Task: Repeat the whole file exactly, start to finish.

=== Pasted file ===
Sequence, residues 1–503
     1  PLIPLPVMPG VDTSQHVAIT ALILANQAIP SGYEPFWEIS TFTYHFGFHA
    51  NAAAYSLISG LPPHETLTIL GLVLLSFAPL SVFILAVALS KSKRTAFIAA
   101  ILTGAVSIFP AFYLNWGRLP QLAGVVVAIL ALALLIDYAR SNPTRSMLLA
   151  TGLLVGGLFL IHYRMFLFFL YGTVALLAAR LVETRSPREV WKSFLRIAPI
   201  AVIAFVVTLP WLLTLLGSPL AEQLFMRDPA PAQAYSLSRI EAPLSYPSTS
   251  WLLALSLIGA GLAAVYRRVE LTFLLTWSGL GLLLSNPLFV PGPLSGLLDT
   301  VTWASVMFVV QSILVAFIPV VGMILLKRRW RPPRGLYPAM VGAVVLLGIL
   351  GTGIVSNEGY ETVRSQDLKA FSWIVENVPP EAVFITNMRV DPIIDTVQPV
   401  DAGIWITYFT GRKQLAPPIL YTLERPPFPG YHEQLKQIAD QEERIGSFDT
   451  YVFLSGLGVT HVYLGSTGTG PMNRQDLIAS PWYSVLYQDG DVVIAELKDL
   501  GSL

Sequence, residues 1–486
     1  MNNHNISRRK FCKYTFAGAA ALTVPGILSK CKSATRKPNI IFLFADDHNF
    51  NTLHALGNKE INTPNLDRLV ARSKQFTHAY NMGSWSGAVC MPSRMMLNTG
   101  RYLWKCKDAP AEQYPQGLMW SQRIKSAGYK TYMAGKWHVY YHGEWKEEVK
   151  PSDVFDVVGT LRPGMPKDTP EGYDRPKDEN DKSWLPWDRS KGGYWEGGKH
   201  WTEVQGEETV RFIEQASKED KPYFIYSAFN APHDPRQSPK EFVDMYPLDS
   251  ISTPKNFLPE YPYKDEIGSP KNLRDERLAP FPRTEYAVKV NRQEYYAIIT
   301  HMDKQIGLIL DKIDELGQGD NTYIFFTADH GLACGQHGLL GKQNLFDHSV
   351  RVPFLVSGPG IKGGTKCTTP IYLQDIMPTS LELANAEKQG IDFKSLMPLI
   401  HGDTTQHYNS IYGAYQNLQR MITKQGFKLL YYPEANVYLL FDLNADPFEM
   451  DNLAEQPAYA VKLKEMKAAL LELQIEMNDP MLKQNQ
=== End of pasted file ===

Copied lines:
Sequence, residues 1–503
     1  PLIPLPVMPG VDTSQHVAIT ALILANQAIP SGYEPFWEIS TFTYHFGFHA
    51  NAAAYSLISG LPPHETLTIL GLVLLSFAPL SVFILAVALS KSKRTAFIAA
   101  ILTGAVSIFP AFYLNWGRLP QLAGVVVAIL ALALLIDYAR SNPTRSMLLA
   151  TGLLVGGLFL IHYRMFLFFL YGTVALLAAR LVETRSPREV WKSFLRIAPI
   201  AVIAFVVTLP WLLTLLGSPL AEQLFMRDPA PAQAYSLSRI EAPLSYPSTS
   251  WLLALSLIGA GLAAVYRRVE LTFLLTWSGL GLLLSNPLFV PGPLSGLLDT
   301  VTWASVMFVV QSILVAFIPV VGMILLKRRW RPPRGLYPAM VGAVVLLGIL
   351  GTGIVSNEGY ETVRSQDLKA FSWIVENVPP EAVFITNMRV DPIIDTVQPV
   401  DAGIWITYFT GRKQLAPPIL YTLERPPFPG YHEQLKQIAD QEERIGSFDT
   451  YVFLSGLGVT HVYLGSTGTG PMNRQDLIAS PWYSVLYQDG DVVIAELKDL
   501  GSL

Sequence, residues 1–486
     1  MNNHNISRRK FCKYTFAGAA ALTVPGILSK CKSATRKPNI IFLFADDHNF
    51  NTLHALGNKE INTPNLDRLV ARSKQFTHAY NMGSWSGAVC MPSRMMLNTG
   101  RYLWKCKDAP AEQYPQGLMW SQRIKSAGYK TYMAGKWHVY YHGEWKEEVK
   151  PSDVFDVVGT LRPGMPKDTP EGYDRPKDEN DKSWLPWDRS KGGYWEGGKH
   201  WTEVQGEETV RFIEQASKED KPYFIYSAFN APHDPRQSPK EFVDMYPLDS
   251  ISTPKNFLPE YPYKDEIGSP KNLRDERLAP FPRTEYAVKV NRQEYYAIIT
   301  HMDKQIGLIL DKIDELGQGD NTYIFFTADH GLACGQHGLL GKQNLFDHSV
   351  RVPFLVSGPG IKGGTKCTTP IYLQDIMPTS LELANAEKQG IDFKSLMPLI
   401  HGDTTQHYNS IYGAYQNLQR MITKQGFKLL YYPEANVYLL FDLNADPFEM
   451  DNLAEQPAYA VKLKEMKAAL LELQIEMNDP MLKQNQ